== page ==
It has been 38 years since the printing operation ceased at the Hoen complex in East Baltimore. Now, 18 months into its $28 million restoration, the labor-intensive push of its rebuilding is showing results.
It’s also one of those Baltimore places that deserve a visit on a fall Sunday, when it’s open to the public as part of the annual Doors Open Baltimore event.
When you climb a flight of steps to one of its print rooms — more like a broad football field — there are wide views from the 19th-century windows of the Amtrak approach to the city and the rooftops of the Berea and Broadway East neighborhoods. The Hopkins medical campus is to the south along with the old clock tower of Saint Wenceslaus Church.
Visiting this stoutly constructed plant is also a way to experience an underappreciated neighborhood being rebuilt, building by building.
The Hoen campus — three historic structures and two warehouses — were empty so long that vegetation and nature had reclaimed the place. A small grove of paulownia trees rooted themselves and grew unchecked within the old brick walls of the complex at East Biddle and Chester streets.
“The place was inundated with roots and trees,” said Jo Stallings, marketing director of Cross Street Partners, the building’s general contractor and one of its future tenants.
“Beyond being a nuisance and an eyesore, the trees threatened the structural integrity of the buildings, which prevented us from beginning construction," Stallings said. "It became apparent that for us to realize our grand vision for transforming this historic industrial complex into a thriving neighborhood asset, we needed to completely clear the site of these trees, regardless of how long or tedious the process was.”
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Construction workers had to extricate the soft, pulpy wood. Once these cavities had been cleaned out, bricklayers infilled and repointed the walls. In the next few months, the broad industrial floors will become The Center for Neighborhood Innovation. Among its tenants will be Strong City Baltimore, the Construction Education Academy of the Associated Building Contractors and City Life Community Builders, as well as Cross Street Partners.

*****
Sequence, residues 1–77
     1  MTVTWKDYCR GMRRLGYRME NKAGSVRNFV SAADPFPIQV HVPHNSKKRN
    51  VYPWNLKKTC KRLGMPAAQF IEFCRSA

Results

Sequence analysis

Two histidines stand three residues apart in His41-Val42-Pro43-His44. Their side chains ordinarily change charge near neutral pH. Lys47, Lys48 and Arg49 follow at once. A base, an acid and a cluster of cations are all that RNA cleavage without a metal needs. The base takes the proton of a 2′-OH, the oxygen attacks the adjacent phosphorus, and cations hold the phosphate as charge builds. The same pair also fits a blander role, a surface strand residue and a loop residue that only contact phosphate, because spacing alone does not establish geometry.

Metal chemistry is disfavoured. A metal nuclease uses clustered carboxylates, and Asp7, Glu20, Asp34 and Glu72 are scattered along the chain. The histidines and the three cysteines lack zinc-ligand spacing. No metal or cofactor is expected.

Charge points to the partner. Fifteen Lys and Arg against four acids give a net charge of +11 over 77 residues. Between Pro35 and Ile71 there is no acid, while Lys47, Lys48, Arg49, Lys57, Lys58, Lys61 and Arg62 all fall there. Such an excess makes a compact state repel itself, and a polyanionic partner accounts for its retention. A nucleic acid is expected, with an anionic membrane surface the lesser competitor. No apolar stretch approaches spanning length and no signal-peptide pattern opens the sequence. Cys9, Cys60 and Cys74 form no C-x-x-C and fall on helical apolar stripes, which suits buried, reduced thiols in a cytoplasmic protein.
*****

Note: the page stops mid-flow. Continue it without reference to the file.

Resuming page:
The Hoen firm, founded in 1835, was known for its fine printing and talented employees who turned out colorful tobacco and cannery labels, theatrical posters, Topps baseball cards and the detailed paper maps that, once folded, were inserted into National Geographic magazine. It used a process called lithography, in which skilled artists drew on flat stones, enabling prints to be made. Those stones were heavy and could be large; workers needed a substantial structure to turn out those posters and other illustrations.
During the course of the Hoen rebuild, a worker discovered a cache of original Hoen documents typical of the fine print work created here. The treasured papers were rolled in tight bundles and stuffed into a niche atop an old safe.
“Their precision and mastery of the [Hoen] color processes made them highly sought after, particularly in the fields of medicine and geography,” Stallings said. “Several pieces we found in particularly good condition were anatomical drawings made in conjunction with the Johns Hopkins University Department of Art as Applied to Medicine."
Some of the discovered illustrations were the work of Max Brodel, who died in 1941. Brodel, a medical illustrator, was born in Leipzig, Germany, and lived in Baltimore’s Guilford neighborhood.
The Hoen Building will be open as part of Doors Open Baltimore weekend when many notable and historic structures are open to the public. Guided tours are available at the Hoen building at 10:30 a.m, 12:30 p.m. and 2:30 p.m. Sunday. Stallings asks that participants wear flat, closed-toe shoes.